Shelley Witzky, an Adams Lake Indian Band Councillor, and Sutra Brett, with the Shuswap Trail Alliance, examine some of the preliminary models for the Secwépemc Landmarks and Trail Sign project. One of the landmarks will be placed near the wharf at Marine Park in Salmon Arm. (File Photo)

Shuswap First Nations landmark project gets $10,000 boost

The funds received from the Heritage Legacy Fund will assist research and design of the project.

The group of First Nations, municipalities and community groups working on the Secwépemc Landmarks Project are being spurred on after receiving a $10,000 heritage legacy grant.

The Shuswap Trail Alliance has partnered with the Splátsin, Adams Lake and Neskonlith Bands as well as the City of Salmon Arm and the Province of British Columbia to bring sculptures and trailhead posts celebrating Secwépemc culture to the Shuswap.

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The completed project will see the installation of eight Secwépemc landmark sculptures with interpretive panels featuring oral histories and traditional place names and stories about the Shuswap Lake region. One-hundred trailhead posts will also be installed.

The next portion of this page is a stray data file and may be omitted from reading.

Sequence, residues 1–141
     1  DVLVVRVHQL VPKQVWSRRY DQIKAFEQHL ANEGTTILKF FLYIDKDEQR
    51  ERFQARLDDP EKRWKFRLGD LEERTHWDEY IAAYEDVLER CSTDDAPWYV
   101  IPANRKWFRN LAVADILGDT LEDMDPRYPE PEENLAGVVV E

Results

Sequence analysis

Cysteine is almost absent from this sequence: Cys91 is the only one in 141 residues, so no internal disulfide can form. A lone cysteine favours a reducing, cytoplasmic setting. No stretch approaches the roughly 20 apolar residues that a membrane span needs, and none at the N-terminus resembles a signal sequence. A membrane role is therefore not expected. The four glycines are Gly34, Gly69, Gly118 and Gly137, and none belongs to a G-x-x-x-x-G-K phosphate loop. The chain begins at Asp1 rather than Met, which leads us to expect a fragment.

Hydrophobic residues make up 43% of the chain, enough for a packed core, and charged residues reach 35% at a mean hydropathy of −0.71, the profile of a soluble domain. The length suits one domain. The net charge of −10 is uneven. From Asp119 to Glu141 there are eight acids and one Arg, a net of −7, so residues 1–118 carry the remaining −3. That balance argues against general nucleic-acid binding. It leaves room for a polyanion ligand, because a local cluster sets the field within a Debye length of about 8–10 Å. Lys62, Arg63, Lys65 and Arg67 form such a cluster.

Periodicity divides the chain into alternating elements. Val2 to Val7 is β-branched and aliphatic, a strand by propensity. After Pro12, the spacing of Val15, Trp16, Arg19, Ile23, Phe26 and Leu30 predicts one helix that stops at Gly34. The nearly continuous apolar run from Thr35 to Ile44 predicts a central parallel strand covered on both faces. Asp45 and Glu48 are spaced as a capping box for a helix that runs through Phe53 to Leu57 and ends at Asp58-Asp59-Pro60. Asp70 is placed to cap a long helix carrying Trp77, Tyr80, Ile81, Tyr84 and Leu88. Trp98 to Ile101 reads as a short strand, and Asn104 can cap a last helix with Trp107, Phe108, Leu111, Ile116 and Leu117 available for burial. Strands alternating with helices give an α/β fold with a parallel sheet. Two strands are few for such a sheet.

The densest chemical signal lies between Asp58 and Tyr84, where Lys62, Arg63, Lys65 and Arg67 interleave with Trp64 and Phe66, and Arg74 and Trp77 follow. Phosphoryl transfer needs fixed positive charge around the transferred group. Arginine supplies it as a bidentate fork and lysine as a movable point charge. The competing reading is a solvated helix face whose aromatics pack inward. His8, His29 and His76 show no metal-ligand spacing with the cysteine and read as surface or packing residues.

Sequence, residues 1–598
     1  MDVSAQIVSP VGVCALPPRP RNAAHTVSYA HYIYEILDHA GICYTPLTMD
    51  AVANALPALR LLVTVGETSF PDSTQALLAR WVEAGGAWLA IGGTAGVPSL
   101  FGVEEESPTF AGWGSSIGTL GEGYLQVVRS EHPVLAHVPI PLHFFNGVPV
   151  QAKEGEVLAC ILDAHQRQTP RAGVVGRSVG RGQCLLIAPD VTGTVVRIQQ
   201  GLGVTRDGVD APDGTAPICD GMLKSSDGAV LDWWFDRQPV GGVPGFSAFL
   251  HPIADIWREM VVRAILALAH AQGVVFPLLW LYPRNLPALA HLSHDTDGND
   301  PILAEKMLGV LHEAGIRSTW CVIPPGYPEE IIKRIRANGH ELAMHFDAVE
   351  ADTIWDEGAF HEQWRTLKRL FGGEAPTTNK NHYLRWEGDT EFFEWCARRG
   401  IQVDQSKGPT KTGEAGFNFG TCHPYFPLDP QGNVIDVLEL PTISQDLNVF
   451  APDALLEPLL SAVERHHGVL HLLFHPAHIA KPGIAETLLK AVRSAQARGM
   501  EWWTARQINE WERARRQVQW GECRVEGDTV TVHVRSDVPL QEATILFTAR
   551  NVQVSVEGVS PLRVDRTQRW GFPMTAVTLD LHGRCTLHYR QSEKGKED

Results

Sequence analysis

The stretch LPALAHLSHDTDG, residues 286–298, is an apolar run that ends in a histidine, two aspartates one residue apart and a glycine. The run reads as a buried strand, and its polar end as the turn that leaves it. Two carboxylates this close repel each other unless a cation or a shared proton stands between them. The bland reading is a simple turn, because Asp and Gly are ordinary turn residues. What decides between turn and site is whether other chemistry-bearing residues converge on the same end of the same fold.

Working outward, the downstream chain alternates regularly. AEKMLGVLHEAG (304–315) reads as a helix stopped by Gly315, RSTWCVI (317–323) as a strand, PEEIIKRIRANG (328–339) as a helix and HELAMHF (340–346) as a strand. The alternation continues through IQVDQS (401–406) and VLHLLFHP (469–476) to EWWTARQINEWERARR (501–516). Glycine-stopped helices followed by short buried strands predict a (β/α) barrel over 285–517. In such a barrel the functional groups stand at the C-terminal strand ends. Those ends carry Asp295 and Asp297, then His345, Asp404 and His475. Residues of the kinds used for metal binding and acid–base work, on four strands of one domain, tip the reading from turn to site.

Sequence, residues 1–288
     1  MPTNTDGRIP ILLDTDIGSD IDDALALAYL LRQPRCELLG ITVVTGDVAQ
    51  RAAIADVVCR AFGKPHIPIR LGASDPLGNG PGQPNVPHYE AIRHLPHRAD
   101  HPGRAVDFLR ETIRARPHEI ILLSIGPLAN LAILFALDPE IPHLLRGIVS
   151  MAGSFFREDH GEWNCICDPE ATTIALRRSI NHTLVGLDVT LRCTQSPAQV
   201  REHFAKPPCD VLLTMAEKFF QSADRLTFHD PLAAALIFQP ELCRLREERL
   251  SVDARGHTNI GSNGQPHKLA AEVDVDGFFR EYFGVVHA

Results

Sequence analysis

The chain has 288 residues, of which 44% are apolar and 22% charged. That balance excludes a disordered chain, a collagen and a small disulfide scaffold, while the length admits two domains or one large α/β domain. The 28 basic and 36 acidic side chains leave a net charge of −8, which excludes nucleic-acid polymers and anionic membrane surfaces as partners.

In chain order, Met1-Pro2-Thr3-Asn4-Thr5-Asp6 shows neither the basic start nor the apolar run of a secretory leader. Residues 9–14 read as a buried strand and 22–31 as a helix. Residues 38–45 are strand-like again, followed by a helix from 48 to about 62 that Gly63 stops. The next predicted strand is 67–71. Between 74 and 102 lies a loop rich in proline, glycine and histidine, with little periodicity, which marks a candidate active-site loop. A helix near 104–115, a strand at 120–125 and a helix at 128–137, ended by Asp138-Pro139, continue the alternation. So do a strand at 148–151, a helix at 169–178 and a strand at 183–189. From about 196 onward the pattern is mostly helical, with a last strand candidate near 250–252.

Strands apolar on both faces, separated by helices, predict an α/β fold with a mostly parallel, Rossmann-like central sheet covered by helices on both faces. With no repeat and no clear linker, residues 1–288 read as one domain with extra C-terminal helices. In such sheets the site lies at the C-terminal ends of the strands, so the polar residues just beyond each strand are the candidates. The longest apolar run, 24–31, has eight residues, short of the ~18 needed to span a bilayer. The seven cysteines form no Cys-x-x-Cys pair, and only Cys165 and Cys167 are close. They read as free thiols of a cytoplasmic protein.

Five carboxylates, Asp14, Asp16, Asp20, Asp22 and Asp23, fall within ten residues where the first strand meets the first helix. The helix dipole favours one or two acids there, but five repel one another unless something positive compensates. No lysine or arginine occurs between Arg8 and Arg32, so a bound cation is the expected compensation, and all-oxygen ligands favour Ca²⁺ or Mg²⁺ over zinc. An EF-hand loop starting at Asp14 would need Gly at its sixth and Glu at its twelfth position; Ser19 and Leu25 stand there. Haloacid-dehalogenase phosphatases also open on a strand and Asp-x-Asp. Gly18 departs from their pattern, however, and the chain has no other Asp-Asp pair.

The $10,000 received from the Heritage Legacy Fund will help with the research, design, publishing and installation of the interpretive panels. An advisory group of Secwépemc elders from the four local bands will guide the work on the project.

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Six of the interpretive panels will be situated next to landmarks on well-visited access points and trail systems in the Shuswap. The other two will be located next to the two main Secwépemc landmark sculptures located in Memorial Park in Chase and Marine Peace Park in Salmon Arm.

“The interpretive panels will engage both locals and visitors alike in learning about Secwépemc cultural landscapes and the social and ecological importance of the Shuswap Lakes region,” a statement from the project organizers reads.

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